By Jul DeGeus
By Jul DeGeus
Prep for your Drone pilot Certification with Unmanned Aircraft Systems Training Courses
New UAS Certification Requirements Announced by FAA
Earlier this year, the Federal Aviation Administration (FAA) announced new regulations, via their Small Unmanned Aircraft Rule (Part 107), making it safer for businesses to operate unmanned aircraft systems (UAS), by applying the FAA aircraft registration requirements. These new regulations went into effect in August 2016. Commercial drone pilots will now be required to pass the FAA Aeronautical Knowledge test.
The FAA reported, the UAS industry estimates the rule could generate more than $82 billion for the U.S. economy and create more than 100,000 new jobs over the next 10 years.
Preparing for Certification: UAS Training Courses Now Available
In response to the new testing requirements, the Aviation Institute of Maintenance (AIM) has launched an Unmanned Aircraft System UAS training program for two of its locations; Chesapeake and Manassas, Virginia. The program consists of two separate two-day training courses, which are currently being offered on selected weekends. Individuals have the option of registering for a single course, or both courses together.
The first of these training courses serves as an introduction to unmanned aircraft systems and will teach students aerodynamic theory, principles of flight, flight restrictions, obstacle clearing, as well as the roles and responsibilities for unmanned aircraft systems.
The second of these courses provides a deeper operational understanding on unmanned aircraft systems, including unique flight properties and performance, calculating weight and balance, performing basic and advanced flight maneuvers and actions, and responses to common emergency scenarios.
These UAS training courses will prepare students to take the FAA UAS aeronautical knowledge test, or recurrent test for former military UAS operators, which would allow them to obtain their operator certificate from the FAA. Test fees are included in the cost of the training and can be taken right on campus. For more information on course dates, contact Brian Yeck (email@example.com) for Manassas training and Rosetta CiConta (firstname.lastname@example.org) for Chesapeake.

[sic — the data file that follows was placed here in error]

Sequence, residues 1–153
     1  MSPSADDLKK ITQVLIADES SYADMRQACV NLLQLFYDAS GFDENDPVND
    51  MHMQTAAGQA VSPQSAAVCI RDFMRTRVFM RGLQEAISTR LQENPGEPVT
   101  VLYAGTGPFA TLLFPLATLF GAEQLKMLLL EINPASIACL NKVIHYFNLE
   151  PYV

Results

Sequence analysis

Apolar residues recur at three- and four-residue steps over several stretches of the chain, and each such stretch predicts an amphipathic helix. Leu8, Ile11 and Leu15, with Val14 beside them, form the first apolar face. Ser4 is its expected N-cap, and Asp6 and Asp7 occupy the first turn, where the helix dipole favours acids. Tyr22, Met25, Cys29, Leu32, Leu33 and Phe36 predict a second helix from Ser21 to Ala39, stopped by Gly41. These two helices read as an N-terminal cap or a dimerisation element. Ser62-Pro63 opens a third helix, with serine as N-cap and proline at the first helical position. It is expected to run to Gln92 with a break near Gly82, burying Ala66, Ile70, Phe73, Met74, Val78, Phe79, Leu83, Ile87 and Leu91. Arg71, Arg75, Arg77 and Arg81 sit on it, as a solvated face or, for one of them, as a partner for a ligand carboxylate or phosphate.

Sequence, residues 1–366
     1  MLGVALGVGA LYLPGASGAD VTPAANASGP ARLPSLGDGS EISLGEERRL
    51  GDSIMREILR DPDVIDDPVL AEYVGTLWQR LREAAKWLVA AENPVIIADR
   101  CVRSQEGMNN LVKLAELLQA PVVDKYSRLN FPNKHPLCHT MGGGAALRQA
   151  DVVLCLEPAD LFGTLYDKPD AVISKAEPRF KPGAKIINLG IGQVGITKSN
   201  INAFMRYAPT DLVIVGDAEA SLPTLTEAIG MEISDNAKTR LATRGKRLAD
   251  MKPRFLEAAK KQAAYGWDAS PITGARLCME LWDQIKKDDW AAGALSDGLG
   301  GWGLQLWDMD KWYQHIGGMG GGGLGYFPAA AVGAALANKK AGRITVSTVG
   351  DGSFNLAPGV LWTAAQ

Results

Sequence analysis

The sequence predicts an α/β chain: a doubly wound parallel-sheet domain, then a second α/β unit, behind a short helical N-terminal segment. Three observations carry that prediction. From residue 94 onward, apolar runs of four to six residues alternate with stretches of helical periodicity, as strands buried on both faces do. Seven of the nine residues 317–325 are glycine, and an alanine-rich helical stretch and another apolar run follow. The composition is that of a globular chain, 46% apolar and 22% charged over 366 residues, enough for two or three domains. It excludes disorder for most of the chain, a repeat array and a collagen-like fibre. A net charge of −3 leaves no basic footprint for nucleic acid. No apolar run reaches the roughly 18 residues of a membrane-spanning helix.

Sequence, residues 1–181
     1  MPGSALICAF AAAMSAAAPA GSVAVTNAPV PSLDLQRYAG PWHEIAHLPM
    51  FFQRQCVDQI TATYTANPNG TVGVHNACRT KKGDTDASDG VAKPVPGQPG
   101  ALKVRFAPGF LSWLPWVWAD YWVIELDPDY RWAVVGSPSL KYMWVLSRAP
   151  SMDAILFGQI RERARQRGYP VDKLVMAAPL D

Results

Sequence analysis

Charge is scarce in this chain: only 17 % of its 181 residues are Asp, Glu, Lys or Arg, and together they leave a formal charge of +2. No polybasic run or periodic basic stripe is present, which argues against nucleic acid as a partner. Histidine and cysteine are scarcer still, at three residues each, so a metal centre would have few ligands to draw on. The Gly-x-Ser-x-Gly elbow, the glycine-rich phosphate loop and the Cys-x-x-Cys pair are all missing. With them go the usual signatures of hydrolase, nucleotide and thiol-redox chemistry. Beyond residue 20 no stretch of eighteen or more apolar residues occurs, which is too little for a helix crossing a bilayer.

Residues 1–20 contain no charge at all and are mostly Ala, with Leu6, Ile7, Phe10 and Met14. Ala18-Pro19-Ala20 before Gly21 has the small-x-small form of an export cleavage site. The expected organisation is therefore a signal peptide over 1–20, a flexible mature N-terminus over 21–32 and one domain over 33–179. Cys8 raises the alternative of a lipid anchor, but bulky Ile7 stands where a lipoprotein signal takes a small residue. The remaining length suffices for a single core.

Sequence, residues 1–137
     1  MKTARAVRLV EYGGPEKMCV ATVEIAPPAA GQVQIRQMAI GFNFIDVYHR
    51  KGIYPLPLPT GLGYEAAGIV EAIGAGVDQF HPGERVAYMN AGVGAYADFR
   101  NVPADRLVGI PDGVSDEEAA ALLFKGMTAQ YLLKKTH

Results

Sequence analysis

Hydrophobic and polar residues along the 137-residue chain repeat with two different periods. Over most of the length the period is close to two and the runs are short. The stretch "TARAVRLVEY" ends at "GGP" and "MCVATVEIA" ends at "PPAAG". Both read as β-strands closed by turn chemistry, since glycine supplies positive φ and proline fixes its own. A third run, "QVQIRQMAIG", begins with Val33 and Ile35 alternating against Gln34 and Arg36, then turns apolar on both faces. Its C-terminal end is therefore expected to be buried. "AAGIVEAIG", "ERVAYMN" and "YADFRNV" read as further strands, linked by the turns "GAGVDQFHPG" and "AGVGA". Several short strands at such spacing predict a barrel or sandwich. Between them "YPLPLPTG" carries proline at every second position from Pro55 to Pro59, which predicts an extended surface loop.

We have been visited recently by a lot of large companies in the aviation industry. Some of which include United, Delta, PSA Airlines, Express Jet and many more! Not only do these companies actively look for potential students for internships, they also see our grads as “premium” candidates for upcoming careers in the industry.
On Thursday, May 26, 2016, Mr. Dave Shotsberger, The Southeast Regional manager of Technical Operations with United Airlines was at AIM Orlando to speak with all current students (Day & Evening), and graduates. Mr. Shotsberger talked to the students about what United, a premium employer, expects when recruiting for their A & P technicians. Subjects such as the importance of good attendance (no deficiencies), the attainment of the A & P certification, exceptional grades and enthusiasm with mechanical work, as well as overall mechanical aptitude were discussed when he talked about the qualities they look for in an A & P mechanic to hire. He also stressed the little things such as how important wearing your badge every day is, looking and acting professional, and showing a United recruiter that a student/grad is a “premium” candidate.
Mr. Shotsberger also shared that United is rolling out amazing job opportunities for A & P mechanics with United: 400-500 A & P job opportunities for those with their A & P certification with no required experience! What an awesome day to hear from the insides of United Airlines’ technical operations! Thanks Mr. Shotsberger and United Airlines, for 2 awesome presentations to our students and graduates!
During the month of June, AIM Houston hosted a presentation from one of the regional airports at Hobby. Express Jet’s, Keith Browles (Lead A & P Mechanic) for the Shreveport, LA location, met with our current students, alumni and prospective students to demonstrate what a day in the life of an A & P Mechanic looks like in the real world. Browles discussed Human Factors and how important they are in order for an airport to run safely and under compliance with OSHA. He also informed the audience about how Express Jet is a regional airline and explained the difference between regional and a major airline.